Panel: High Earners Should Pay More toward Pensions
The Yomiuri Shimbun
November 21, 2008
An advisory body to the welfare minister has suggested that high-income earners shoulder more of the burden for their pensions and that plans to finance basic pensions entirely from tax revenues be put on hold.
Interim recommendations on pension system reform drawn up by the pension subpanel of the Social Security Council also included a plan to increase the threshold on the highest category of standard monthly pay used to calculate monthly premiums, which currently stands at 620,000 yen.
The eight items will be discussed by the Council on Economic and Fiscal Policy, which will examine where funding for the suggestions might be found.
The panel suggested deferring plans for a completely tax-funded social insurance system and indicated a direction for amendments to the current system, which is covered by premiums and taxes.
If the government and ruling parties agree on the items, legal revisions to bring the changes into effect will be considered.
Premiums for the government-managed pension program for corporate employees, called kosei nenkin in Japanese, are calculated at 15.35 percent of a worker's standard monthly pay. Premiums are shared equally by employees and their employer.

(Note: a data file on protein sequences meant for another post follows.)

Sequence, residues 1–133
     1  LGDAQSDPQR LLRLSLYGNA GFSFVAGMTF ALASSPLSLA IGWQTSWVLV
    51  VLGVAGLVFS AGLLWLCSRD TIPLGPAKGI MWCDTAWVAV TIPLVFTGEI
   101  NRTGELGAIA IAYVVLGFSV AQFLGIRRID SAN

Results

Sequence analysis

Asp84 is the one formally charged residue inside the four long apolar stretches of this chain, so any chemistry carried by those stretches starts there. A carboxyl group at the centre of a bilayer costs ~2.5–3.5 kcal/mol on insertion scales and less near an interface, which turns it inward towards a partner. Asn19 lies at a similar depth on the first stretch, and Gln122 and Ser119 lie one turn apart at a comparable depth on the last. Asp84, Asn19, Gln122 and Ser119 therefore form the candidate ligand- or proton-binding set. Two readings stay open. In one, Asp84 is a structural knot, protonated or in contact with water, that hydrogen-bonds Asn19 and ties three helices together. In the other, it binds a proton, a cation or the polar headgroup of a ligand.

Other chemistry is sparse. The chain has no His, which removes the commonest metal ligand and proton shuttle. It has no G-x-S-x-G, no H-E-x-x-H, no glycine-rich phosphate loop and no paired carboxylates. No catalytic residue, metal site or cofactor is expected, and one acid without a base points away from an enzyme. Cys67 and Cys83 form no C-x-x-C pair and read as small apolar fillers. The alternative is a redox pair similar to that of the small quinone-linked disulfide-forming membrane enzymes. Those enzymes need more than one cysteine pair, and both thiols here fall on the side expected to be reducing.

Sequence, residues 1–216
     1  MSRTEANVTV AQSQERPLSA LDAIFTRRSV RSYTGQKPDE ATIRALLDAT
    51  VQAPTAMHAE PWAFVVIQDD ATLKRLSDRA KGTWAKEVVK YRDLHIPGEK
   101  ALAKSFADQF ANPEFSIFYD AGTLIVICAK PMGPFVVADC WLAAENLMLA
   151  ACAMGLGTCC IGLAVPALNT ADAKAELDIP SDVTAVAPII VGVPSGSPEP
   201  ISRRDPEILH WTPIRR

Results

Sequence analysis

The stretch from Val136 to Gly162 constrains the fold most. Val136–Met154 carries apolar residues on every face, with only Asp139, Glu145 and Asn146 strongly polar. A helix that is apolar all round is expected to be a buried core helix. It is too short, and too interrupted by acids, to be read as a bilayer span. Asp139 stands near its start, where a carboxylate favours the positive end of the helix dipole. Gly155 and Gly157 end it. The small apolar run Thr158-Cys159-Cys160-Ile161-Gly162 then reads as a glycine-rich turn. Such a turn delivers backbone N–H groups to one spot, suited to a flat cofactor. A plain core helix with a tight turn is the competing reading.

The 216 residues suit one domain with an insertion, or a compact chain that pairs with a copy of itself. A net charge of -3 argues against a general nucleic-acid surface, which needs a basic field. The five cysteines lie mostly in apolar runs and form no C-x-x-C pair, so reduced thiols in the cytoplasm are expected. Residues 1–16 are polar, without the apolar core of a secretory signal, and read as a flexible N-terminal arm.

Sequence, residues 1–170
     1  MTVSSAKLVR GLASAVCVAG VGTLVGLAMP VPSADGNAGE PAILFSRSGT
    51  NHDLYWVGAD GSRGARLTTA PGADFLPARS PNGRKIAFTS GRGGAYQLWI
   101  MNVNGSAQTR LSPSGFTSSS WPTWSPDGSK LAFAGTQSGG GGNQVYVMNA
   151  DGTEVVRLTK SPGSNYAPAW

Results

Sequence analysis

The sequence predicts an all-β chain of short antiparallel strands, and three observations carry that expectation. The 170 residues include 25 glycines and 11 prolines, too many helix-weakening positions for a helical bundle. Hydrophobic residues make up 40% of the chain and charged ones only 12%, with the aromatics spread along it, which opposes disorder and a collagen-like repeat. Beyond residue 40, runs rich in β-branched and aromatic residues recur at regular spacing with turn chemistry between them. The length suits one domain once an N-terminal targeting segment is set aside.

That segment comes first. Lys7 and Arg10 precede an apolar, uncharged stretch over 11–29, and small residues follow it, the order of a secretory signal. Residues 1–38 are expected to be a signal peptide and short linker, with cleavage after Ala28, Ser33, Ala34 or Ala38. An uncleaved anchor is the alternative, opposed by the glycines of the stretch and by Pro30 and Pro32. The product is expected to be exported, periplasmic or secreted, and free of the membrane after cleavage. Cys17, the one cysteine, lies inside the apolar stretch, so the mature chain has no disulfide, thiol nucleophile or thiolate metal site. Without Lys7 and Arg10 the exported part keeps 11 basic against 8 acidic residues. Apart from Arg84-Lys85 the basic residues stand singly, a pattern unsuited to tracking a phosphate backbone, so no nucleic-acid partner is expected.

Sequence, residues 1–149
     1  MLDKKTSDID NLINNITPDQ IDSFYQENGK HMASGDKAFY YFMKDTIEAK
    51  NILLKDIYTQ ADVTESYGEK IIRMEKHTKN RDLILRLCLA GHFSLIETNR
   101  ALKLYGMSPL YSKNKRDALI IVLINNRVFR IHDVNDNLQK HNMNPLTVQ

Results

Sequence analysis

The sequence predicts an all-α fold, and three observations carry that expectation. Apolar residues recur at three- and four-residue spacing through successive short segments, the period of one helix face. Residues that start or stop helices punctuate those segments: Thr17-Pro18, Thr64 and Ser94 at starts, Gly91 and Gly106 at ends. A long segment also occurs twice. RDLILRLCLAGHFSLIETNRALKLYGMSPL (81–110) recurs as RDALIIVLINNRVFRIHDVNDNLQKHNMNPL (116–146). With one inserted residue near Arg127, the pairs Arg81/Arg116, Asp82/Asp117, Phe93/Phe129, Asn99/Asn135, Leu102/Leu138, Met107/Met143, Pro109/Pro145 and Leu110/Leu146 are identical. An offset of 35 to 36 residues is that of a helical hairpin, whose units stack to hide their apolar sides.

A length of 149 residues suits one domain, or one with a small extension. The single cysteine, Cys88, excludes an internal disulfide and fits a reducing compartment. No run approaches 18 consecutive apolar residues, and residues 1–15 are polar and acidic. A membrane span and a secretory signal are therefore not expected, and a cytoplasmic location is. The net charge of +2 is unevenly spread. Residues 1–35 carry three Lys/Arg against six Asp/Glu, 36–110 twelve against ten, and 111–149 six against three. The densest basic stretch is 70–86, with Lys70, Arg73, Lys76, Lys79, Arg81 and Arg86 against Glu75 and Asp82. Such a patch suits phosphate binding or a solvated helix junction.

The standard monthly pay scale used to calculate premiums has an upper category threshold of 620,000 yen, equating to an annual salary of 9.7 million yen.
The advisory body has recommended that people with high incomes pay higher premiums commensurate with their earnings. Because hiking the upper threshold on the scale could result in higher pension benefits being paid out, the advisory panel recommended benefits on monthly income above 620,000 yen be calculated at half the normal rate.
Revising the upper-income threshold is aimed at securing funds needed for pension reform. According to the panel's estimates, between 120 billion yen and 600 billion yen could be saved annually if the benefits paid to people paying higher premiums due to the higher threshold, were held in check. Even if these benefits were not curbed, 60 billion yen to 300 billion yen could be saved each year.
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